iPeg, a new aerospace firm with an interest in guided rifles, is now taking pre-orders for the Epic A3, the first commercially-produced man-portable rail gun. A hybrid design, the Epic gun uses conventional .50 BMG cartridges with modified bullets that can be magnetically guided on target.
This unique bullpup has four barrels that allow it to “aim” at a wider range of targets that are not directly in front of the gun. Current guided rifles must either be re-positioned to acquire their targets after they’re tagged or use electronic projectiles that can shift their trajectory in flight.
The multiple barrels aren’t used as a volley fire mechanism, rather, they simple provide a wider cone of target tracking. The Epic A3 is capable of tracking multiple target simultaneously, however the recoil associated with multiple rapid shots prohibits any type of automatic fire.
Each barrel is surrounded by a series of electromagnets that alter the trajectory of each fired round to match the flight path determined by the tracking computer. iPeg calls this the Solenoid Induction System, or SIS.
While the Epic A3 has obvious military and law enforcement applications, iPeg’s primary audience is the commercial market. The Epic gun has appeal to hunters looking for a solid, ethical cull even at long ranges.
The Epic A3 uses conventional batteries to power the target tracking electronics but in an effort to keep the size and weight down uses a series of piezoelectric vanes and blowback regenerative brakes to capture energy from each fired round to power the solenoid system that guides the rounds to their target.
This energy capture combination is the A3’s alternative to bulky power systems and helps keep the weight down as much as possible. iPeg dubbed it the Thermal Energy Conversion system, or TEC Shield.
Another improvement this rifle has over previous-generation guided munitions is that it uses a conventional magnified optic with a projected reticle. Existing precision guided rifles have small LCD displays connected to cameras with a digitally-superimposed reticle on-screen.
The projection system promises better clarity in the field, and uses a fiber-optic filament to boost the reticle’s visibility even in bright, direct daylight.
This latest gun represents a new step in the field of guided rifles and in the long run, will change the way we think about shooting.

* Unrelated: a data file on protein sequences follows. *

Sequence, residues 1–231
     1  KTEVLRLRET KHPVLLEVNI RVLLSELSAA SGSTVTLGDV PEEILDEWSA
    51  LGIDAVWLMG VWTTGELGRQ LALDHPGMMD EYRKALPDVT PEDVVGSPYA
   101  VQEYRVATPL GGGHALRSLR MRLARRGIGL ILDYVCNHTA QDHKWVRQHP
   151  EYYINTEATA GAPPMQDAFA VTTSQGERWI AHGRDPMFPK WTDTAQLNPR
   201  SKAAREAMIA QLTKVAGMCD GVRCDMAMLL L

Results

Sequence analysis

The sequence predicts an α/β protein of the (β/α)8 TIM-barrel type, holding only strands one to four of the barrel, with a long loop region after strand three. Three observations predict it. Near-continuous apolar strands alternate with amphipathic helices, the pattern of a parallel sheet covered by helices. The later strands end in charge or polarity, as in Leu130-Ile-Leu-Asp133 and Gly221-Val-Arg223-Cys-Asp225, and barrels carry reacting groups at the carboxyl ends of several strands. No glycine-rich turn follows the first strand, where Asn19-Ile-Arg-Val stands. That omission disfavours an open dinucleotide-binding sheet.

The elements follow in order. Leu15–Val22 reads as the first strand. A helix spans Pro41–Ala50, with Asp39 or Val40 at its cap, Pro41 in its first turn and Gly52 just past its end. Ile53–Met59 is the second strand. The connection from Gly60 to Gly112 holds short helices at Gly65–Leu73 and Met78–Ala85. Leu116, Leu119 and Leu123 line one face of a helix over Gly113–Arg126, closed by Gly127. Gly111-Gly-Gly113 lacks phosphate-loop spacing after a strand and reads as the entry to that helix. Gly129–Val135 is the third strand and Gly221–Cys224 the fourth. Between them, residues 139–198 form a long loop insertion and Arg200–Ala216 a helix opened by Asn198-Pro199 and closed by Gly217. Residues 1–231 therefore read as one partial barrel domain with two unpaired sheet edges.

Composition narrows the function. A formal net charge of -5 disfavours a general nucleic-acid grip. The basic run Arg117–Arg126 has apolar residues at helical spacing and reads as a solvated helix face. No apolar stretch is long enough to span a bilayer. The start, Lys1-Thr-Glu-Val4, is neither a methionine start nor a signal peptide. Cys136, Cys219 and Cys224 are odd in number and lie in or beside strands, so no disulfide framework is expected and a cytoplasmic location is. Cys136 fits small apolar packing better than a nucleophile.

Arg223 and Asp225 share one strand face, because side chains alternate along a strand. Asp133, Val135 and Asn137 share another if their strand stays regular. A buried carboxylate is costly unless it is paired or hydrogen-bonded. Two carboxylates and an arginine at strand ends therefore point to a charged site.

While conventional shooting skills will never be forgotten, when shots matter people are going to want the benefit of guided projectiles.
Still, the Epic A3 has its limitations. The multi-barrel design is heavy, tipping the scales at just over 17 pounds, unloaded. The barrels are also short, at a legal minimum length of 16.1 inches each.
Also the thermoelectric-effect generation system taps some of the cartridge’s energy to power the SIS guidance mechanism. Taken together, this means that the projectiles don’t have the muzzle velocity of conventional .50 BMG rifles.
The bullets used by the Epic bullpup are also not entirely constructed of lead, which lowers their density and range, too. iPeg lists the effective range of the Epic A3 at 1,200 yards, which is the maximum distance the optics can track targets at.
But that’s more than enough for this next-generation guided rifle, whether it’s for big game hunting or anything else, realistically. iPeg is taking pre-orders for these guns, but at $89,000 the Epic A3 will likely be a dream gun for the average shooter. Delivery is expected to be around Q4 of 2015 but with these sort of products, you can never be sure. We wouldn’t be surprised to see these to take a little extra time to ship.
iPeg is working on a few conventional .50 BMG rifles using the same bullpup lower in the meantime that will be available at lower price points. For more information about these and to place your pre-order for the Epic A3 check out the iPeg website.